This is another common problem players face when trying to sound like Arctic Monkeys. It’s hard to get the balance between an overdriven crunchy tone, and a heavy distorted tone, particularly if you’re using a solid state amp.

To sound like Alex Turner and Jamie Cook, the gain needs to be more overdriven than distorted. Here are some ways to fix this issue.

  • Use an overdrive pedal instead of the gain setting on your amp
  • Increase the treble and decrease the bass and mids slightly
  • Turn the gain down and the volume up

Specific Songs

Now that we’ve been through all the basics and common issues, I thought it’d be a good idea to round off this post with some more specific amp settings for some of the band’s most popular songs.

Again, these are just starting points, so if it doesn’t sound spot on, then go back to the section above and make the adjustments to really dial in the Arctic Monkey’s tone.

Do I Wanna Know?

This is arguably the band’s most popular song, with an iconic opening riff that continues through the verses. There is one guitar for the majority of the song until the outro. Here’s a good starting point for the lead guitar amp settings.

  • Gain/ Overdrive: 6
  • Bass: 5
  • Mids: 7
  • Treble: 6
  • Reverb: 3

R U Mine?

The guitars in “R U Mine” have the similar kind of thick overdriven tone as they do in “Do I Wanna Know”. Again, one guitar features for most of the song, so here’s a good starting point for the amp settings.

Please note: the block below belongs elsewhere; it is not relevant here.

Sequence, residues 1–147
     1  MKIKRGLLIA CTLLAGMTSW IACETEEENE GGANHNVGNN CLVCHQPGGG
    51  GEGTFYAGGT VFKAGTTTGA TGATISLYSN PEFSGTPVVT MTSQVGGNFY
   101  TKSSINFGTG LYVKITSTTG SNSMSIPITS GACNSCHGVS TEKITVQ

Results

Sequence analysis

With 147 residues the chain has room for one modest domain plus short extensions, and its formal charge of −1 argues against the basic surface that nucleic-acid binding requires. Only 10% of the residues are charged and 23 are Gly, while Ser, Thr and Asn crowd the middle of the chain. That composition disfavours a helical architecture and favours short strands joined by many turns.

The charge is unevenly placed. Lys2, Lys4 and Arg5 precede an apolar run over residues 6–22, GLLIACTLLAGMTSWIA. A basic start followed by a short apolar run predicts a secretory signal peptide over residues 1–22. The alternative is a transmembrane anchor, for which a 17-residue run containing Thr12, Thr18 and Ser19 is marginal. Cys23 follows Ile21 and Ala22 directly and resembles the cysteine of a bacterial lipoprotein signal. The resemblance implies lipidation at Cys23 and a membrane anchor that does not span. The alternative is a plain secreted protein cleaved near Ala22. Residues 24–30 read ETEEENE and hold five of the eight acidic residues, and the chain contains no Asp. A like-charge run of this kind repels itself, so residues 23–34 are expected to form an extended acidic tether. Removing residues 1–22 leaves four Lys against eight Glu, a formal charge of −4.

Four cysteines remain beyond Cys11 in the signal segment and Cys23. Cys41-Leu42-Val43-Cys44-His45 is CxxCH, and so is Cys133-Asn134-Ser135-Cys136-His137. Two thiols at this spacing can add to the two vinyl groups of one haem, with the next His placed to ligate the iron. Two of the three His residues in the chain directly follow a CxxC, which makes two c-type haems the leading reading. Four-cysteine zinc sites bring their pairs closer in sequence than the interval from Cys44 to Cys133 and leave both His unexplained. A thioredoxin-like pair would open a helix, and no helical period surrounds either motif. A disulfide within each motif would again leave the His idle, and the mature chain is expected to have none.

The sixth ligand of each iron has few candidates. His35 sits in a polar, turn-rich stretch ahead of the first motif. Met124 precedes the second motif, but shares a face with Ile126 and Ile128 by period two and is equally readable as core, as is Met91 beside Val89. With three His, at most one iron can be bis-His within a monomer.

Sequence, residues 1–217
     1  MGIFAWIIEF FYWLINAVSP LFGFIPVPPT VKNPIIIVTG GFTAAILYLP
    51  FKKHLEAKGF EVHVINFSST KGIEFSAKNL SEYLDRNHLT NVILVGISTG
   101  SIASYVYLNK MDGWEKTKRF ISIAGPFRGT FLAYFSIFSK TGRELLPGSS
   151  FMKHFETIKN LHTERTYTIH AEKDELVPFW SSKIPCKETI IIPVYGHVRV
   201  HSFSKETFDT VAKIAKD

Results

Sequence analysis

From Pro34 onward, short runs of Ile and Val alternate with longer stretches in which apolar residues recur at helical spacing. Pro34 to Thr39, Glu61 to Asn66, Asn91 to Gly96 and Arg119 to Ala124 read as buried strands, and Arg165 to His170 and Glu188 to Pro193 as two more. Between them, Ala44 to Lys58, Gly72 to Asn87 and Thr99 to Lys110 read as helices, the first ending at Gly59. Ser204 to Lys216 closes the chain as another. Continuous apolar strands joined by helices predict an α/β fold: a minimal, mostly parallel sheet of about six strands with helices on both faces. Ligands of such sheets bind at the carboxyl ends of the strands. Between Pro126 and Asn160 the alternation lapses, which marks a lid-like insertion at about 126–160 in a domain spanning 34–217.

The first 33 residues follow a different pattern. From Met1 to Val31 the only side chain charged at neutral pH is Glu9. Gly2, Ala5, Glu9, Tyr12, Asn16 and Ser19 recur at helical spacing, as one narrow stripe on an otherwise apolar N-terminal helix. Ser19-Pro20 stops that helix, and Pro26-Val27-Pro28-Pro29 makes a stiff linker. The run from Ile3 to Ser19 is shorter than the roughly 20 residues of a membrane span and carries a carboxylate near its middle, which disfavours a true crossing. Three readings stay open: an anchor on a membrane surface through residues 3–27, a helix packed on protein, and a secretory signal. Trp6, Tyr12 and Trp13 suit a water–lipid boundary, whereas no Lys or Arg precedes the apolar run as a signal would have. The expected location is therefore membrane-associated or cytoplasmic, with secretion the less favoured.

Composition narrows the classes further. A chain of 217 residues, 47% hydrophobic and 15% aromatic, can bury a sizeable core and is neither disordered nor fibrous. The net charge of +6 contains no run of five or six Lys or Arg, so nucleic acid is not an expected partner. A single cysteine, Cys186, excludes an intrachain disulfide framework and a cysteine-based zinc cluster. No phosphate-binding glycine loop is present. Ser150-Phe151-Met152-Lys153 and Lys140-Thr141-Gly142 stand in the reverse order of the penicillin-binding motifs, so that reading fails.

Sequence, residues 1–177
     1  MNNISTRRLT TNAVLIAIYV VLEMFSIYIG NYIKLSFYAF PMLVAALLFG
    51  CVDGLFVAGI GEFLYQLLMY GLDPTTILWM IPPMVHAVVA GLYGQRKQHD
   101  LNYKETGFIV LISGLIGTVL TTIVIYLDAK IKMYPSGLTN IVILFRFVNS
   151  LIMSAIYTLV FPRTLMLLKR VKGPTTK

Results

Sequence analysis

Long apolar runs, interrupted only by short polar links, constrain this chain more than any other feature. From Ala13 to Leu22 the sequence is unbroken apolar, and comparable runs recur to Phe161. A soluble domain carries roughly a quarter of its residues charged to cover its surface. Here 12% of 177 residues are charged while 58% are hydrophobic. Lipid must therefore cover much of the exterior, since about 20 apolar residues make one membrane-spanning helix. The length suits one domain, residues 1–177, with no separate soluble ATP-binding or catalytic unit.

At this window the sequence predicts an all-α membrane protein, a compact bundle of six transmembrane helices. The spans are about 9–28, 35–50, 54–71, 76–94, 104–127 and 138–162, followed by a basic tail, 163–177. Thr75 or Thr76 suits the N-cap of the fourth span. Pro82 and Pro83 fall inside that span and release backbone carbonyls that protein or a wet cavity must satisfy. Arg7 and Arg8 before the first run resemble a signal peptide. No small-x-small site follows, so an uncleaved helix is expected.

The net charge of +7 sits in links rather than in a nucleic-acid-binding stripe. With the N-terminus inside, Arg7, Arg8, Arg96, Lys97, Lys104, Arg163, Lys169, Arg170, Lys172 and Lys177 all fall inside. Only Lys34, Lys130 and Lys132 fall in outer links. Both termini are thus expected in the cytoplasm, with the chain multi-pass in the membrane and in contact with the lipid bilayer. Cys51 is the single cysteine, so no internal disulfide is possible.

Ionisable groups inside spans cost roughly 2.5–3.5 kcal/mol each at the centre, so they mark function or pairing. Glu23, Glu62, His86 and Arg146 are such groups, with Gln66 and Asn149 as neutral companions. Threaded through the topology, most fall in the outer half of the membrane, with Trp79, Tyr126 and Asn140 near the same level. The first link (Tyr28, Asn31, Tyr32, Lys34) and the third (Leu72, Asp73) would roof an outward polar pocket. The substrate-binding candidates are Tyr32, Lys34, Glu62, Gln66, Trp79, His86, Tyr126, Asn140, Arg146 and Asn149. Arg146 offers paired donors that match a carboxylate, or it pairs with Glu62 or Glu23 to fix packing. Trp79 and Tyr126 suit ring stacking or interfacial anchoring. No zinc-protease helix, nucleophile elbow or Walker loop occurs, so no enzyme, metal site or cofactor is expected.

• Gain/ Overdrive: 5
  • Bass: 4
  • Mids: 7
  • Treble: 7
  • Reverb: 3

Fluorescent Adolescent

This song has a guitar thinner tone compared to the singles in the AM album. Again you’ve got an overdriven tone, but two guitar features for most of the song this time. Here’s where to start with the amp settings.

Rhythm Guitar:

  • Gain/ Overdrive: 4
  • Bass: 4
  • Mids: 4
  • Treble: 6
  • Reverb: 1

Lead Guitar:

  • Gain/ Overdrive: 6
  • Bass: 5
  • Mids: 5
  • Treble: 6
  • Reverb: 2

I Bet That You Look Good On The Dancefloor

This Arctic Monkeys classic also has two guitar featured through the majority of the song. For the rhythm guitar, there’s a lighter overdriven tone in the verse and intro. For the lead guitar, there’s a heavier overdriven tone throughout the song.

Check out this guitar cover to see the lead and rhythm sections split out.

Here’s a breakdown of the amp settings for each section.


  • Overdrive/ gain: 3
  • Bass: 3
  • Mids: 4
  • Treble: 4
  • Reverb: 1

Lead (chorus, intro and bridge)

  • Overdrive/ gain: 4
  • Bass: 5
  • Mids: 5
  • Treble: 6
  • Reverb: 3


This is one of the more difficult Arctic Monkeys songs to play on the guitar but it has on the most recognisable riffs. Both guitars have pretty overdriven tones in the intro and chorus, and then they back off and sound lighter in the verse.

The easiest way to transition between the two is to use either a boost or an overdrive pedal. If you don’t have access to either, then you can make do by dialing back the tone and volume control on your guitar in the verse. Here’s a good starting point for the amp settings.


  • Gain/ overdrive: 3
  • Bass: 3
  • Mids: 4
  • Treble: 6

Intro, Chorus and Bridge

  • Gain/ overdrive: 5
  • Bass: 4
  • Mids: 6
  • Treble: 6

Thanks for reading! I hope you’ve found this article helpful. Don’t forget to check out the rest of the website to learn more about getting the perfect tone.


Hey, I'm Heather. I started playing an electric guitar when I was given a Squier Strat for my birthday around 15 years ago. I now own an acoustic guitar and several electric guitars including my personal favourite, a PRS SE Custom 24.